Moses Hazeltine Sherman and Eli P. Clark

Sherman and Clark

By Grafton Tanguary, Contributor                                                                                                       The Jonathan Club Magazine

Born in 1853, Moses Hazeltine Sherman headed west at the age of 20, first to Los Angeles and then to Prescott, Arizona.  He returned east and, on his subsequent trip west with his sister, their steamship was wrecked. They were adrift for three days, before they were rescued by a passing ship on its way to the Isthmus of Panama.

Upon his return to Arizona, Sherman was appointed Superintendent of Public Instruction by John C. Fremont, Governor of the Territory, and organized the state’s school system.  He was also appointed Adjutant-General of the state National Guard and kept the honorific title of “General”.

(While there, Sitting  Bull returned from Canada, Billy the Kid was killed in New Mexico, The Earps and Clantons fought the shoot-out at the O.K. corral in Tombstone, Arizona Territory, Jesse James was killed by Robert Ford ,and the last great buffalo kill was conducted on the northern plain.)

In 1884, at the age of thirty, he founded the Valley Bank of Phoenix, now the largest in the state. He acquired several small trolley systems, electrified them in 1893, and formed the Valley Street Railway. In 1910, he built the Phoenix Railway to connect to the Santa Fe Railway system. During his time in Arizona, Eli P. Clark married his sister and became Sherman’s partner in his future endeavors.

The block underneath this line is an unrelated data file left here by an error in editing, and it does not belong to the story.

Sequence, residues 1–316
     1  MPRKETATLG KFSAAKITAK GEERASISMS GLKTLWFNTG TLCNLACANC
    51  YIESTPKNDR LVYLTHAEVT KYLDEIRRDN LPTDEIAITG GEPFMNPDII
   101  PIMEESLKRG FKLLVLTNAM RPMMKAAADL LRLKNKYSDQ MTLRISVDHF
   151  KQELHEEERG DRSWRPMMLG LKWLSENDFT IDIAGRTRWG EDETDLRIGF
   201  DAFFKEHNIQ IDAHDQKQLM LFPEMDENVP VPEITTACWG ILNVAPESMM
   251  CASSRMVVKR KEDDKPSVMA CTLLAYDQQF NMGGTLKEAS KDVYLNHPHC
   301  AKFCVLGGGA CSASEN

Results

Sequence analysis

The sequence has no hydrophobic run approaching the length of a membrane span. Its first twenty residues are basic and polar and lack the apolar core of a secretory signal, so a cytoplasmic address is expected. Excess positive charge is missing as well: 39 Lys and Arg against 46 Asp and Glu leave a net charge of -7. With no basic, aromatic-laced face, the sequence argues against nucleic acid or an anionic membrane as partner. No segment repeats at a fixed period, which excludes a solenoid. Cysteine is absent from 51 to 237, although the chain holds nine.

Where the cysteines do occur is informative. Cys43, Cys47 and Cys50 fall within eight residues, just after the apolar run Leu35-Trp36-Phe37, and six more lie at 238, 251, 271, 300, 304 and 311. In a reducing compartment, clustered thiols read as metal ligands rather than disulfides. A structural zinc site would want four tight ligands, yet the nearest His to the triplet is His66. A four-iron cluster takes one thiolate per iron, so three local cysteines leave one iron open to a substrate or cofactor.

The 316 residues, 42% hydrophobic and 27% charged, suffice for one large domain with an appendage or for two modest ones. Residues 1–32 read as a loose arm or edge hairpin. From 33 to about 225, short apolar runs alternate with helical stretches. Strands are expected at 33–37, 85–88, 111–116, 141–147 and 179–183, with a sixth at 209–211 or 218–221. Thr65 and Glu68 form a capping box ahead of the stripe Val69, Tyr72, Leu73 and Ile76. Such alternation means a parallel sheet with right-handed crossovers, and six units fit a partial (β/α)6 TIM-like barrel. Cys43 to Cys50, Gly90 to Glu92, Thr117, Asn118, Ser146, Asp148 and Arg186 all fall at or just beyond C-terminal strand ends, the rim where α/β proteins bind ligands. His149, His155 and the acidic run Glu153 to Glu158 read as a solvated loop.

In 1889, General Sherman moved to Los Angeles, and Clark joined him in 1891. The first trolley line in Los Angeles had been built in 1874, operating from Temple and Spring Streets to Sixth and Figueroa.  By the time of Sherman’s arrival, there were a number of small trolley lines in the area, using horses or cable for power, all with different owners. The population of Los Angeles was approximately 7,000, including 1,000 Europeans.

With the help of San Francisco money, Sherman and Clark bought up and consolidated the existing lines and electrified them. His friend, John A. Muir, helped him secure the franchise.  By 1895, all of the smaller lines had been combined into the Los Angeles Consolidated Electric Railway Company. Fred Eaton, future mayor, was the chief engineer, and A. W. Barrett was Superintendent of the company. The line carried 12,000,000 passengers that year. At the time, there were only three successful electric trolley systems in the United States